Wiping Away the Human Race

10 November 2008
Presented by Diana O'Carroll


If the human race were to become spontaneously extinct, how long would it take for all evidence of us to be wiped from the planet Earth? Will there be evidence of human activity forever, or will we disappear without a trace.& Find out in this Question of the Week, where we also ask if we are the only species to cook our food...

In this episode

The Parthenon

00:00 - How long would it take to wipe all trace of man from Earth?

If the human race were to become extinct, how long before all traces of our existence were to disappear?

How long would it take to wipe all trace of man from Earth?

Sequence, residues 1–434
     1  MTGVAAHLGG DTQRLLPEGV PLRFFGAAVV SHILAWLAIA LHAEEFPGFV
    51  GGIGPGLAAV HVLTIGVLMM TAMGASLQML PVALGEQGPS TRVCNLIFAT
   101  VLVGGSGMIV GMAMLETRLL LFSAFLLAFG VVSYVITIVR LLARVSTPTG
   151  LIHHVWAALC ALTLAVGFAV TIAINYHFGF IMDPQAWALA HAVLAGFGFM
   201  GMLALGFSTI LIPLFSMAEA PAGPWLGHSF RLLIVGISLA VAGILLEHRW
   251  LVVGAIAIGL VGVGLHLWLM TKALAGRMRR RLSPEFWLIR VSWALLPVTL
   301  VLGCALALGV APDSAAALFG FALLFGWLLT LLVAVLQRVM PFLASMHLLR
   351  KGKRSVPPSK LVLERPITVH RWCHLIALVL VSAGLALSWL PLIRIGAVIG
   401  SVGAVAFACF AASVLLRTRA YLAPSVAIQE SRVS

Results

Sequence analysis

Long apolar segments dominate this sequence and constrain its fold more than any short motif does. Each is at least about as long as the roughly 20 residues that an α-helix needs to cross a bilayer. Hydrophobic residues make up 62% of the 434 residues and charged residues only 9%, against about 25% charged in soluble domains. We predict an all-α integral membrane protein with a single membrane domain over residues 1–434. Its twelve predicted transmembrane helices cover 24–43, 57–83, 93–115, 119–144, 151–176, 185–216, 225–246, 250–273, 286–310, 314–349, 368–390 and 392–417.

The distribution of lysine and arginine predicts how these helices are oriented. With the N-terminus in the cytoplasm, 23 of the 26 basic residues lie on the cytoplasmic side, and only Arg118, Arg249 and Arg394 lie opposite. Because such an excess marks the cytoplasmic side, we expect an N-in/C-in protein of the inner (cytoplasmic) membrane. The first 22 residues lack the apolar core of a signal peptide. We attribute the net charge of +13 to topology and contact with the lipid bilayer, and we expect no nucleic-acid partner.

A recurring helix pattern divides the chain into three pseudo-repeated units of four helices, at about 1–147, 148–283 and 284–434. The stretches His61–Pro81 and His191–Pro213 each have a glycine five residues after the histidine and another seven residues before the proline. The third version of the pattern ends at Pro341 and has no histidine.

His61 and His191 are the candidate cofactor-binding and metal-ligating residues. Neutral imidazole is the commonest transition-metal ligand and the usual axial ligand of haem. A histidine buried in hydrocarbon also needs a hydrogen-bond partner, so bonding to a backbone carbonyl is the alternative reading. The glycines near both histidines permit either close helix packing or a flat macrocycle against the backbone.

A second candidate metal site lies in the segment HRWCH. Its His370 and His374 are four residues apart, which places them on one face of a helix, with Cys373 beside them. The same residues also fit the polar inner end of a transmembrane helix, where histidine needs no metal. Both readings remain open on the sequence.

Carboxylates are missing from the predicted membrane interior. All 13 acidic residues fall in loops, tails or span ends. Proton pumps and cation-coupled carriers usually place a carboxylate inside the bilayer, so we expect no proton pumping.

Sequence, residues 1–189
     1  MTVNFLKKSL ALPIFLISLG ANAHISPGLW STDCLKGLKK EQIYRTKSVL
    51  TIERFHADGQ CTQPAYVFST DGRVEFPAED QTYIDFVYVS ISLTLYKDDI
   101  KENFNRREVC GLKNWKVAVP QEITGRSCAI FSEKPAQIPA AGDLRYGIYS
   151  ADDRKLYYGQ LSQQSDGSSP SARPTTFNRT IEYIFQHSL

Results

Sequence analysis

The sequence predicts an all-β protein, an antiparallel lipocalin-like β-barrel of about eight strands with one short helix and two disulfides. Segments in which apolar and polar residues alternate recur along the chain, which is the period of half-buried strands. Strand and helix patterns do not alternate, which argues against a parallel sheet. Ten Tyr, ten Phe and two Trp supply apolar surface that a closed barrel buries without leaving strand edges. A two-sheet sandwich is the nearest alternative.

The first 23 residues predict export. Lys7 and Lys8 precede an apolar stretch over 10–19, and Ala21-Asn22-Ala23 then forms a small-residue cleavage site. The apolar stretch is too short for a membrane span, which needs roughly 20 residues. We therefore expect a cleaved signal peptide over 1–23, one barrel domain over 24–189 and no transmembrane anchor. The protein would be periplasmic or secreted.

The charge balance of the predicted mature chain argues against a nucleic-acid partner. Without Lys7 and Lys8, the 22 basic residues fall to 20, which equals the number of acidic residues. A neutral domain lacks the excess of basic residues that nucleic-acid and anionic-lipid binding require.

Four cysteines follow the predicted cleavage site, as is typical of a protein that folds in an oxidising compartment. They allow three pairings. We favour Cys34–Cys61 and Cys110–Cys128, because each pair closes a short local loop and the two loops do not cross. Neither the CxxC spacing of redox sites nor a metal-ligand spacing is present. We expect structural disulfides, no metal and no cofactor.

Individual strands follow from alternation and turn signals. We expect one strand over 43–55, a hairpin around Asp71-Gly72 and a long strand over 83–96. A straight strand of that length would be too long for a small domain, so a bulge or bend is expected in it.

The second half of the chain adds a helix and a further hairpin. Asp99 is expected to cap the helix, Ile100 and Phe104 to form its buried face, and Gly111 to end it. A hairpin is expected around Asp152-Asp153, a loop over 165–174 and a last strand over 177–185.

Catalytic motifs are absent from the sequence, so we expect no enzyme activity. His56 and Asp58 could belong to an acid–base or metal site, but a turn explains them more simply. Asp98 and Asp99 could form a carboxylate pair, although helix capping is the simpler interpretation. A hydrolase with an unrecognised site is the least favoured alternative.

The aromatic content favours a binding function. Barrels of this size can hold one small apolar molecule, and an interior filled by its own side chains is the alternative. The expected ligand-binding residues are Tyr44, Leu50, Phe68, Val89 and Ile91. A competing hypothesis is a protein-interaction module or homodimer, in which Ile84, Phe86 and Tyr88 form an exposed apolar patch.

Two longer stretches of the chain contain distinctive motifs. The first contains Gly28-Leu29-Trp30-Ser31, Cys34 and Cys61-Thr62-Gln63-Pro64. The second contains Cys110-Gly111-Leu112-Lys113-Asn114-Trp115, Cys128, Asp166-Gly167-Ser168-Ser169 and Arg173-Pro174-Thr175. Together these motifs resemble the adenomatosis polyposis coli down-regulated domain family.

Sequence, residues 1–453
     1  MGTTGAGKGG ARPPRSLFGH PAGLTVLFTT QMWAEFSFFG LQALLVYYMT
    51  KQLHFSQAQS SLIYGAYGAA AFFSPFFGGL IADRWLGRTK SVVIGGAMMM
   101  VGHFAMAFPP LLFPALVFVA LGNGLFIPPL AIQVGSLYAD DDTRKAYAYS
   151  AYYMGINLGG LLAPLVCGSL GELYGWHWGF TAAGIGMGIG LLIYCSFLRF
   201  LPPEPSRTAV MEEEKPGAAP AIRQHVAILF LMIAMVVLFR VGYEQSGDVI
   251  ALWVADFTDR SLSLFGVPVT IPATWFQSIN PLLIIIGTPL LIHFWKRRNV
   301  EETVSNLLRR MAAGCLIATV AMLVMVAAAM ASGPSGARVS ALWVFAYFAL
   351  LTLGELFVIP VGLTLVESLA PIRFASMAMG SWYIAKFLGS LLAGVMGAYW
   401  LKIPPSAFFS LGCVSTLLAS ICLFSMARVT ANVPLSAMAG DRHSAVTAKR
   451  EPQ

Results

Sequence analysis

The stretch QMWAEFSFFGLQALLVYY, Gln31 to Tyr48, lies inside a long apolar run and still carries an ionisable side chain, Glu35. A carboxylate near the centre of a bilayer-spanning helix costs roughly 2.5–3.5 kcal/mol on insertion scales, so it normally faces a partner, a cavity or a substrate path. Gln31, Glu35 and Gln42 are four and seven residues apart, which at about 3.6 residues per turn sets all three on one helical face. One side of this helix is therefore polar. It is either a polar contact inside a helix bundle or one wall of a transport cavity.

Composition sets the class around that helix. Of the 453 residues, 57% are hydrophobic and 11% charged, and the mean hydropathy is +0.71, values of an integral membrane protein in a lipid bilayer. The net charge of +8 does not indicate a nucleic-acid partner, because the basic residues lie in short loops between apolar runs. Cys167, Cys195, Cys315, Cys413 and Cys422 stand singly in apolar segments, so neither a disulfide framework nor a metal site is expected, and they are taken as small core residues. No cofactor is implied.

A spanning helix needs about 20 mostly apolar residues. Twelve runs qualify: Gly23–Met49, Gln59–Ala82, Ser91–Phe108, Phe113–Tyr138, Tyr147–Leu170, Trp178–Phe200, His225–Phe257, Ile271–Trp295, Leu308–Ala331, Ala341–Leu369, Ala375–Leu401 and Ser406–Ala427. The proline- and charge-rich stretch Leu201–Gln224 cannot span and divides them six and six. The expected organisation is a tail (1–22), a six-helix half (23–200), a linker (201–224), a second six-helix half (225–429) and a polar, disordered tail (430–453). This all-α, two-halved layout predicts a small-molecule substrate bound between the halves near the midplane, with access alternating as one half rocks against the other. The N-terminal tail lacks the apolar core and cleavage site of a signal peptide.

We put this to John Nudds, University of Manchester, Senior Lecturer in Palaeontology Thinking first in terms of archaeological timescale if the human race were to become extinct tomorrow then our buildings and roads would gradually decay and possibly within a hundred or hundreds of years many buildings would start to collapse. The sturdier stone built buildings would stand a lot longer than this as we know because we still have Greek Temples and Egyptian pyramids with us today. If we think in terms of those ancient civilisation sit will only be a few millennia before our city would firstly be overcome by vegetation and then would be buried by silt and sediment. If you consider the fabrics used in modern day construction: reinforced concrete, plastics etcetera these would certainly survive the burial for at least as long as the two million year-old stone tools dating from the early humans from Africa, for example. If we think in terms of a geological timescale - this country and indeed most of Europe has been under the sea for a much greater period of geological history than it has been land. The one thing we can be certain of is that sea levels will rise again and this country will be flooded once more by shallow sea and then all of our cities will become deeply buried by marine sediments. Over geological time, over millions of years they'll be preserved in a rock stratum in just the same way that dinosaurs are preserved in rock strata from 65 million years ago. When we consider that the oldest fossils we have on Earth are 3 and a half billion year-old single-celled microscopic, soft-bodied bacteria. If such tiny and delicate organisms can survive for that long then certainly the robust skeletons of Homo sapiens can survive for similar timescales. In actual fact organisms that live in the sea are much more likely to be fossilised than organisms like ourselves that live on land. So human fossils will always be rather scarce. We know this already because although hominids have been around for say five million years the actual numbers of fossil human skeletons is very low. Certainly some of us will be fossilised and we will survive buried in rock strata. To answer the question, when the human race does eventually become extinct, as it certainly will, although evidence of our existence will disappear from the Earth's surface relatively quickly - say within a few millennia - evidence of our existence will survive buried at depth probably for as long as the planet survives.


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